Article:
Mahala Mullins, one of the most well-known moonshiners in Tennessee history, has prompted many people to look up her Wikipedia page online in order to learn more about her story and legacy.
Mahala Mullins was a renowned moonshiner who was famous for her unique homemade moonshine.
Her product often had flavors that were extracted from apples from her local garden.
This attracted many people from far away who traveled just to purchase the product.
Furthermore, Mahala was an independent businesswoman and highly respected in Central Appalachia.
Her exceptional way of making moonshine made her a significant figure in the history of moonshining.
Now, the story of Mahala Mullins has been part of history leading many people to surf the internet to search for her Wikipedia.
Mahala Mullins Wikipedia: Famous Tennessee Moonshiner of the 19th Century
Despite being the most renowned moonshiner, there is no dedicated Wikipedia for Mahala Mullins.
The following article will provide you with the personal details of Mahala Mullins relevant to her Wikipedia.
Mahala Mullins, commonly known as “Big Haley”, was born in 1824 to Solomon Dickerson Collins and Jane Goins in Tennessee.
About her family life, she married Johnnie “Skinny” Mullins at a young age.
Due to his slender build, the nickname Johnnie was “Skinny.”
Mahala and Johnnie made their home in a cabin on Newman’s Ridge.
The isolated place was perfect for Mahala’s future moonshine operations.
Additionally, the couple together had about 20 children, some of whom died as infants.
As they had a large family, Mahala’s moonshining business supported her family’s basic needs.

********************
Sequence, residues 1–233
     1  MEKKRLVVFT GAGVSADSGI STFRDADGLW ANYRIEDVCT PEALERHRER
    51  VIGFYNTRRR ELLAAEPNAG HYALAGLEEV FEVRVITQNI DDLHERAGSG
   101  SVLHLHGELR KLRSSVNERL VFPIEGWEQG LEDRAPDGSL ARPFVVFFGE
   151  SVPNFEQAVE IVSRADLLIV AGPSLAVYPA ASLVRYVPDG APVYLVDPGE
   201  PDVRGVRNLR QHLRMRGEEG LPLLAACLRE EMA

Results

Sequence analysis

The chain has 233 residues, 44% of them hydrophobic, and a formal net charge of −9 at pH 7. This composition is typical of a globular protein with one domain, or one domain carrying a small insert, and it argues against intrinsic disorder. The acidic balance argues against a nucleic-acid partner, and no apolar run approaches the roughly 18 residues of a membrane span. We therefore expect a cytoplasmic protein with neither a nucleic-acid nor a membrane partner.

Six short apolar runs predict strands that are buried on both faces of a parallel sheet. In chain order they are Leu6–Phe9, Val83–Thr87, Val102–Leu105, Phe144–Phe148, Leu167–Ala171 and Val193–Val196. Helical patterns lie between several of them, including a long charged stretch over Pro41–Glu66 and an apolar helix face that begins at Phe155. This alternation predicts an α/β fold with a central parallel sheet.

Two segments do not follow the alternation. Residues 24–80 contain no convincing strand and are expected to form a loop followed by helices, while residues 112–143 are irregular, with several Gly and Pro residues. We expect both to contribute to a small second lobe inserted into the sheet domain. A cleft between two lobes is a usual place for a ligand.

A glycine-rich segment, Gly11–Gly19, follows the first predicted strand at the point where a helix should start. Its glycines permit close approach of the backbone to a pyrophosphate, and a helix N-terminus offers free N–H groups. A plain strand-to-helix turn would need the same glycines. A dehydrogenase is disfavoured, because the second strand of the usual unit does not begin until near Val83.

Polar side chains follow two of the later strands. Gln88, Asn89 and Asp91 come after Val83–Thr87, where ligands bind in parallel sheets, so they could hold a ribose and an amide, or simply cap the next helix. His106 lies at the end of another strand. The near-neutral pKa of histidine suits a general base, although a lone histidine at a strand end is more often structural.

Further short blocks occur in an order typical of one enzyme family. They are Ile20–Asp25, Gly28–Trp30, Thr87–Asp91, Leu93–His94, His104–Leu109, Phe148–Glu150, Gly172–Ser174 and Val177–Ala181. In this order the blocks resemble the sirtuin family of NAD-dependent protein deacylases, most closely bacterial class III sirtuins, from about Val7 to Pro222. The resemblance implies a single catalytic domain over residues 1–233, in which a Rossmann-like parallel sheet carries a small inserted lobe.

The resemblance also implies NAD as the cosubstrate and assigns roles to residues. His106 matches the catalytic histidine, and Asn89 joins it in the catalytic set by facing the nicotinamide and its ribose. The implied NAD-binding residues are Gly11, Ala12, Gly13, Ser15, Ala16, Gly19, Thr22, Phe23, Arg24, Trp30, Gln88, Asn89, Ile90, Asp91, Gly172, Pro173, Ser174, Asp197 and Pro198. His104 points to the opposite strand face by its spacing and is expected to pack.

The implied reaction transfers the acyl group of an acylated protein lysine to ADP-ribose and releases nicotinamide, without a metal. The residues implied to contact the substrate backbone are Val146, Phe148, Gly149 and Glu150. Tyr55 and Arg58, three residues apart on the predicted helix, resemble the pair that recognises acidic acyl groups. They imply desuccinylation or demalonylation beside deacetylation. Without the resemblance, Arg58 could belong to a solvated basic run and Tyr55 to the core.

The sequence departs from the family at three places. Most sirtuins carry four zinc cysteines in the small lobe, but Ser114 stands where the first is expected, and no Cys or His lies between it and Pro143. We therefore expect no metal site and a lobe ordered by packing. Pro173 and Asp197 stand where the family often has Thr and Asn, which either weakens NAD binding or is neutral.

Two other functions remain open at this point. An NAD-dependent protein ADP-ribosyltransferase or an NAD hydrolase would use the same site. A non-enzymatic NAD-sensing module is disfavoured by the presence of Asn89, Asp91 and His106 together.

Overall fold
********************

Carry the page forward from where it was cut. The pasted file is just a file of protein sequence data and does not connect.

Though her place was isolated and life was hard, she was very determined and became a legendary moonshiner.
Moreover, she learned how to brew liquor from a young age and mastered her skills over the years.
However, Mahala was very proud to support her family by selling high-quality moonshine as an income.
This led many people to look up her Wikipedia page online in order to learn more about her story.
What Is The History Of Moonshining In Tennessee?
Moonshining has a long history in Tennessee, rooted in the state of Appalachian cultural heritage.
It originally developed in areas like Cades Cove and Blount, Carter, Fentress, Hancock, Henry, Polk, and Scott Counties.
The moonshining business grew during prohibition from 1920-1933 when there was a ban on selling alcohol nationwide.
Both men and women produced moonshine commercially in mountainous and forested areas.
Those areas were perfect for hiding stills and transporting moonshine.
Legends that glorified moonshiners and the federal “revenuers” who pursued them established themselves in Tennessee culture.
Moreover, car chases between agents and smugglers in the backcountry gave rise to legends.
After alcohol regained legal status, moonshining started to decline but it continued in rural Tennessee into the late 1990s.
The current laws prohibit unregulated distilling, but they allow the brewing of beer and wine for personal use.
While untaxed liquor production has faded, moonshining’s cultural impact persists through folklore, music, movies, and moonshine tourism.